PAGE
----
Friday, April 25, 2008

Six stories

If you are not averse to digital storytelling and do not mind reading an interactive story, you can check the site We Tell Stories and read the six stories listed therein.

I somehow stumbled upon it today and have already read The 21 Steps and Fairy Tales, in between my work at office. Both the stories, I must admit, I enjoyed – The 21 Steps, for being funny and intelligent; and Fairy Tales, for letting me shape the story my way. Needless to say, I’m eager to read the other stories as well; but, you see, one also needs to do some work while at office.

Anyway, if you have got some time to spare, you can read them.


Wednesday, April 23, 2008

They said

  • Something I considered the biggest asset of yours… was your lazy attitude.
  • Though you can do hard work, you prefer doing that only when the problem knocks on your door.
  • I had always confided in you with my problems, like many of us, and it is the trust you command that has made us do it.
  • You have enough capabilities. Yet, the way you make use of it (rather, don’t make use of it) is puzzling.
  • I should not give you advice as my case is also hopeless.
  • … All of us seem to be infected with optimism disease (to quote Rushdie) that we’ll meet some day. But, practicalities are insurmountable and however good friends we may be, I know that you won’t catch a train to Mumbai if you feel like meeting me and neither would I do something that impulsive. Except, optimistically speaking, through serendipity, we might be at the same place at the same time. But then what? I know so many people, good friends living in the same place who haven’t had the time in years to call up and say hello.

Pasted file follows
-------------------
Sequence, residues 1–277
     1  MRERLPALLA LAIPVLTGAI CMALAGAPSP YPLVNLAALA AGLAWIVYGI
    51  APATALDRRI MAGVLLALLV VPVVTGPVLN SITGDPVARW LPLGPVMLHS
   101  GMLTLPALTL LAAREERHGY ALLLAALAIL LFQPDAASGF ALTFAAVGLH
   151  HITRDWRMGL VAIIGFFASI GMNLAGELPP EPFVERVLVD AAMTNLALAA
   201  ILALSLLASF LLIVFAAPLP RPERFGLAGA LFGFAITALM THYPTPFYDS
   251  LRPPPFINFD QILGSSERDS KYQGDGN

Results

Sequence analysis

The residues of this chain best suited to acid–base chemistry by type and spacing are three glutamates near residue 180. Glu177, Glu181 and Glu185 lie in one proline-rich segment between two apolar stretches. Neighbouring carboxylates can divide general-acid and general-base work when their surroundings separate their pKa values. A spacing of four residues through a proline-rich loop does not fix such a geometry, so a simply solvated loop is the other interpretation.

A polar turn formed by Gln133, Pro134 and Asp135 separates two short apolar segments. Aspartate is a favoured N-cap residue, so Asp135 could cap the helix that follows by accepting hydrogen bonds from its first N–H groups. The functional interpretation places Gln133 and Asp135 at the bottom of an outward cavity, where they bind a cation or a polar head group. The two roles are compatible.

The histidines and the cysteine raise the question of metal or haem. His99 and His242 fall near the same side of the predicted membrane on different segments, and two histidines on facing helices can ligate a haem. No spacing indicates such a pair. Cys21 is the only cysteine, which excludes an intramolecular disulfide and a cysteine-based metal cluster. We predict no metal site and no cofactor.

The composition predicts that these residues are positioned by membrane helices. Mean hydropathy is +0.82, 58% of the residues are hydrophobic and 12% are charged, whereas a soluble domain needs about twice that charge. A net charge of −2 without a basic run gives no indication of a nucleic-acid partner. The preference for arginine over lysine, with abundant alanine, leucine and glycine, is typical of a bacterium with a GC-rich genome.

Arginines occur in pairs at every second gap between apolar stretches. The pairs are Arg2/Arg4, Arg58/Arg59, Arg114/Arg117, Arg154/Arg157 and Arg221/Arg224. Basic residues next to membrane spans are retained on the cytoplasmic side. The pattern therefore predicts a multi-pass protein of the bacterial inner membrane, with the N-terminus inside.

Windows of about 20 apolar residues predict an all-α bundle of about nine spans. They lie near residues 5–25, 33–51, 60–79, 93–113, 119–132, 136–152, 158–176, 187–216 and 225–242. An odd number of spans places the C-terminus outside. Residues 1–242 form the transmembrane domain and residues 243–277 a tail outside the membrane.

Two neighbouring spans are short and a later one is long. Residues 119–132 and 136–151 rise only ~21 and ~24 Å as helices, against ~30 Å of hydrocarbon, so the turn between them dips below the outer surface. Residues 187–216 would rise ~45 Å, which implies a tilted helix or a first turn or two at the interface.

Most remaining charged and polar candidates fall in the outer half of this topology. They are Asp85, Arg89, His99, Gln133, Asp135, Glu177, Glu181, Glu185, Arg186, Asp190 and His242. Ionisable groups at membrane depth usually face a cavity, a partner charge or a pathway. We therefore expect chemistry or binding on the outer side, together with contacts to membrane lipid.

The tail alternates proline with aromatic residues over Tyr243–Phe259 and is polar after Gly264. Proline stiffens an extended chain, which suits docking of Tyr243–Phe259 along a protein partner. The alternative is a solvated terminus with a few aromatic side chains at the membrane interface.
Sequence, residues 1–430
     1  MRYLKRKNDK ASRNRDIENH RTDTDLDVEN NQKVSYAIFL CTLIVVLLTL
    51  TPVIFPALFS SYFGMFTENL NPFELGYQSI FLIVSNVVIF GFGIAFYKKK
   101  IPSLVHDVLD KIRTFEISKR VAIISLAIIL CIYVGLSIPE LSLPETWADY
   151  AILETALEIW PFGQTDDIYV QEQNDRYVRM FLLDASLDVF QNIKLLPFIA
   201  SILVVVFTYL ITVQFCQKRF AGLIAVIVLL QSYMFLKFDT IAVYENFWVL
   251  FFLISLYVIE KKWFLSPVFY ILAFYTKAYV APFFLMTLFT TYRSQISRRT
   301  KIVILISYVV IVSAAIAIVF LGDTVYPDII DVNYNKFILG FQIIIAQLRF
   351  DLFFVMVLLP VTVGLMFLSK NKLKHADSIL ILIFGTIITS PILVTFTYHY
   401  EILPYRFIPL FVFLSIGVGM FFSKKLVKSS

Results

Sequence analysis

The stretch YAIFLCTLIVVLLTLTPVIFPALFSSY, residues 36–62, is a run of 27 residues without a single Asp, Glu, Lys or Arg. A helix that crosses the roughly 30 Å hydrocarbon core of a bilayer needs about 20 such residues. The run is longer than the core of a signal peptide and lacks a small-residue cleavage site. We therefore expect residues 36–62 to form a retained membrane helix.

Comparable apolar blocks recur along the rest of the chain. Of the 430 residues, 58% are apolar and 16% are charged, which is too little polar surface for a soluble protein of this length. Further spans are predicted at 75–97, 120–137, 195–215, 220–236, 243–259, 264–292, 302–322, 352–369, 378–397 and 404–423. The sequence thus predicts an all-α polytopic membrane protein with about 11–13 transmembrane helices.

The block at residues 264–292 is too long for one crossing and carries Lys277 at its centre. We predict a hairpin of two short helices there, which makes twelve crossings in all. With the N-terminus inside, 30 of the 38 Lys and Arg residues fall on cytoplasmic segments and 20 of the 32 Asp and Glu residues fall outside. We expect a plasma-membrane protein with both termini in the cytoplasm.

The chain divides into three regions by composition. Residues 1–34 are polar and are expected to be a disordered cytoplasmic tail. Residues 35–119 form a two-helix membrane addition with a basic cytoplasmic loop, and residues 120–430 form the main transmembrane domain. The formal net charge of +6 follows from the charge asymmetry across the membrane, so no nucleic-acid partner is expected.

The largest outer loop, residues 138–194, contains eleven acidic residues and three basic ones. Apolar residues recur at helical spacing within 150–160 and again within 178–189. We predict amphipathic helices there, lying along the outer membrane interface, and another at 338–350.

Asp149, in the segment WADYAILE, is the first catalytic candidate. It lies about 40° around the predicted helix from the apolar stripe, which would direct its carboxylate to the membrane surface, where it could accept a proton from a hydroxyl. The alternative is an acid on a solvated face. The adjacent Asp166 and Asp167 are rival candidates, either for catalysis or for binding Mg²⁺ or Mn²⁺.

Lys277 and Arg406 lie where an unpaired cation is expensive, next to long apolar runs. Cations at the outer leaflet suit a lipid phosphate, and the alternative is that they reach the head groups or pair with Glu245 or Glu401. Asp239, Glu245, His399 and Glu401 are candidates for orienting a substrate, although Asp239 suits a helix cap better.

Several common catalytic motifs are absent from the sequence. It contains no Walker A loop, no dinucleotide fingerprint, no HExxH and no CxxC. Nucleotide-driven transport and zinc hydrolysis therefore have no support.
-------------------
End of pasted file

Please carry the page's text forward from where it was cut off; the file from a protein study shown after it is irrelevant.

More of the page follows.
• Rest is laid unspoken.

These are lines extracted from one of my old diaries. Years ago, while we were parting after four years of staying together, my friends in college wrote them down for me – reminiscing, thanking, advising, admonishing, and generally asking to ‘keep in touch’.

Except for occasional phone conversations or emails no one is really ‘in touch’ these days. And even if we end up talking on phone sometime, the conversation becomes tedious and forced. The lively banter of yesteryear is now replaced with more important talks of career, money, investments, marriage, etc. (which, I admit, are definitely important, but somehow doesn’t really make up for stimulating conversation).

But, why exactly this sudden spurt of nostalgia, you may ask?

I blame it on summer heat. Besides making my days dull and lethargic, it is also giving me sleepless nights. And on sleepless nights it is only natural to find yourself crowded with old memories. Old memories – they come to you in the quiet of the night, keeps you awake, only to fade away in the bright daylight.

Monday, April 21, 2008


The fiery red flowers dot the roadsides, announcing the onset of spring with a sudden youthfulness. Oblivious of the dust, smoke, pollution, and the scorching Sun, the gulmohars are in bloom again, driving away the drabness with a vivacious display of colors.

But, sadly, the gulmohar tree I used to walk by last year is no longer there. Don't know when it vanished. Maybe, in the process of road-widening it has been chopped off and disposed away. The place where it once stood is empty now. There is nothing to suggest that there once stood such a beautiful tree.

Friday, April 11, 2008


Saturday afternoons were a quiet time in the campus. And now with the semester exams around the corner it took an even deserted look. The leisurely crowds that thronged at different corners of the campus and indulged in endless gossip were nowhere to be seen these days.